RealTime IT News

Sun Turns a Lemon into an Orange

Sun Microsystems is starting to see progress in erasing its financial problems, highlighted by its Q1 earnings, released Thursday.

The systems provider beat expectations with a break-even quarter, but revenues ($2.628 billion) came in a little lighter than expected. Sun also recorded a net loss of $174 million or $0.05 per share, which is more than analysts had anticipated. Sun said it would have made more over the last three months, but it spent $82 million in legal fees brought on by its patent dispute with camera and film maker Kodak.

"Even with Kodak, we now have two quarters in a row of year-over-year revenue growth. So I guess you could say that is two in a row for us," CEO Scott McNealy said, pointing to the company's growth in revenue in the previous quarter.

Despite the setback, McNealy said the company is invigorated with the success of its latest contract with Orange SA, the mobile arm of France Telecom . Financial terms of the contract were not disclosed, but Sun said that Orange agreed to a three-year contract to Sun's Java Enterprise System (JES) to replace its current software infrastructure in Europe. The project includes 22,000 employees in France, the UK, Switzerland, Belgium, the Netherlands and Slovakia. Orange UK already is using Sun technology, including 1300 Sun servers, and support services.

Orange said it will use Sun's technology to extend its Wireless ISP, Enhanced WAP Gateway Infrastructure directory to 20 million entries. In France, for example, Orange will initially be using the Sun Java Directory server for its WAP Gateway and Sun Cluster software for Wi-Fi and content billing projects. Mobistar, the Orange group's operation in Belgium, will initially be using Sun's Directory Server for customer registration and access to its Web site.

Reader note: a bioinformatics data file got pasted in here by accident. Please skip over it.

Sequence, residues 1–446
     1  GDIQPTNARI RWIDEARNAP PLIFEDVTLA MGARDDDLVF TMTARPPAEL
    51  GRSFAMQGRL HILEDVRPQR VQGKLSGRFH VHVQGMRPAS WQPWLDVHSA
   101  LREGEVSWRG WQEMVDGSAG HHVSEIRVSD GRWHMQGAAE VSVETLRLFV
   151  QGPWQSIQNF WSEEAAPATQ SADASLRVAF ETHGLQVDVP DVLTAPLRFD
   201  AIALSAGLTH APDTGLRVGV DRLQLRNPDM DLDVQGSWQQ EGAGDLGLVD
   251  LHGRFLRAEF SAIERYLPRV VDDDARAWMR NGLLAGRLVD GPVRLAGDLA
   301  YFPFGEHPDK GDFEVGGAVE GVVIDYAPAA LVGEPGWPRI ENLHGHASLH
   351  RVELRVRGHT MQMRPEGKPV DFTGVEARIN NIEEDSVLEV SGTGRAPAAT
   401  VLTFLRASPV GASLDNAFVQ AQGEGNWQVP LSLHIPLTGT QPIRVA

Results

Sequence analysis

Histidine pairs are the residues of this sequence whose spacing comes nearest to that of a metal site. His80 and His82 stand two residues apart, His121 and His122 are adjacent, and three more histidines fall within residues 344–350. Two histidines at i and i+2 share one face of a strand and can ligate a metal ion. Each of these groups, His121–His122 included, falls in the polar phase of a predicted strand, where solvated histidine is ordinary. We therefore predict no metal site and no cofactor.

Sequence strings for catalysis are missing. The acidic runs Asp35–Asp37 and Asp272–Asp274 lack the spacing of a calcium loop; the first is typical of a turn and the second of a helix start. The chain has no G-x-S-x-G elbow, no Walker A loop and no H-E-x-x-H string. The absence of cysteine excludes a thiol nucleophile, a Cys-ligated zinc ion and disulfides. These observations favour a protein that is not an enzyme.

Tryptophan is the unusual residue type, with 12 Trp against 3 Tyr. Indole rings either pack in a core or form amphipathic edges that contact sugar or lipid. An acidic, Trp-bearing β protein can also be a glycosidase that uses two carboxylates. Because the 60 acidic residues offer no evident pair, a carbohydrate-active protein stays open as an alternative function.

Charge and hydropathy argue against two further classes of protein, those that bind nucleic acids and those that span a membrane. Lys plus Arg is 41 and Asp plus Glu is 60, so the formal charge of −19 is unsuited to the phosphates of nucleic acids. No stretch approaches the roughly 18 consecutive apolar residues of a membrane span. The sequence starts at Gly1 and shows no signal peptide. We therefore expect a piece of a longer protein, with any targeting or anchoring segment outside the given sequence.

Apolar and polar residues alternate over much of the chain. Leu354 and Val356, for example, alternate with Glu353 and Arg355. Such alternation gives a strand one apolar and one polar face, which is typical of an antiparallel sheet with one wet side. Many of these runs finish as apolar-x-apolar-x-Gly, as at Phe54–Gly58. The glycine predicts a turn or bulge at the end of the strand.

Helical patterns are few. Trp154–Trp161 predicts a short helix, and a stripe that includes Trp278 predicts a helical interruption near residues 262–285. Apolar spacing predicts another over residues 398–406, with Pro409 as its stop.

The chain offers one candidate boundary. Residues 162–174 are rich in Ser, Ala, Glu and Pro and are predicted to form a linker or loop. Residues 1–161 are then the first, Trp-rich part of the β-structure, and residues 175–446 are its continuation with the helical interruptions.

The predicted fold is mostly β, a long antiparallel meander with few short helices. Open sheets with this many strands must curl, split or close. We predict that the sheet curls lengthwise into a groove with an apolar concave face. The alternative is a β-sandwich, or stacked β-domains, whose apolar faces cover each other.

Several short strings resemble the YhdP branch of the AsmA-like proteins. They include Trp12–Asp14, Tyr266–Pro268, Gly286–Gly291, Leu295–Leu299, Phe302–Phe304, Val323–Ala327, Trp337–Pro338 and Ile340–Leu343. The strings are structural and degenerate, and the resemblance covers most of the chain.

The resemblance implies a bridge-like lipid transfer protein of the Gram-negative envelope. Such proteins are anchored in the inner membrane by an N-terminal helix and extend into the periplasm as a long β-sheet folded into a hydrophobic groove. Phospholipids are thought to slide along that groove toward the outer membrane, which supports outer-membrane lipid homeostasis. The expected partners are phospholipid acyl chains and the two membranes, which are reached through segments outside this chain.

Sun said the Orange contract is just the latest in a string of customers that have signed up for Sun's JES in the last six months. Withinthe Europe, Middle East and Africa region, Sun said its contracts include Inmarsat, LogicaCMG, Turkcell, Borsa Italiana, E-Plus, EUROCONTROL, Pixelpark AG, and Young Generation.

"In less than one year, there are hundreds of thousands of Java Enterprise System users worldwide, demonstrating the market demand for a simplified software licensing model," John Loiacono, executive vice president of Software at Sun, said in a statement. "Sun is a systems company, and innovations like the Java Enterprise System are part of our long-term strategy to help customers accelerate the delivery of new services, and unleash mobility with security to achieve sustained business advantages."

The contracts emphasize Sun's revitalized efforts with telcos and service providers. Standing on its simplified customer pricing -- USD$100 per employee per year -- Sun showered Wall Street last month with a host of programs that promise greater savings on IT infrastructure.

"We are on the offense again, as a result of our newly revamped product line, a result of our sometimes controversial but continued commitment to R&D investments in the last three years," McNealy said.

The CEO said the company is now putting the finishing touches on its Solaris 10 OS for an official launch in November. The server software is expected to allow companies to run Linux programs in containers without having to change the code. The OS has also been designed to run on AMD's Opteron and SPARC processors.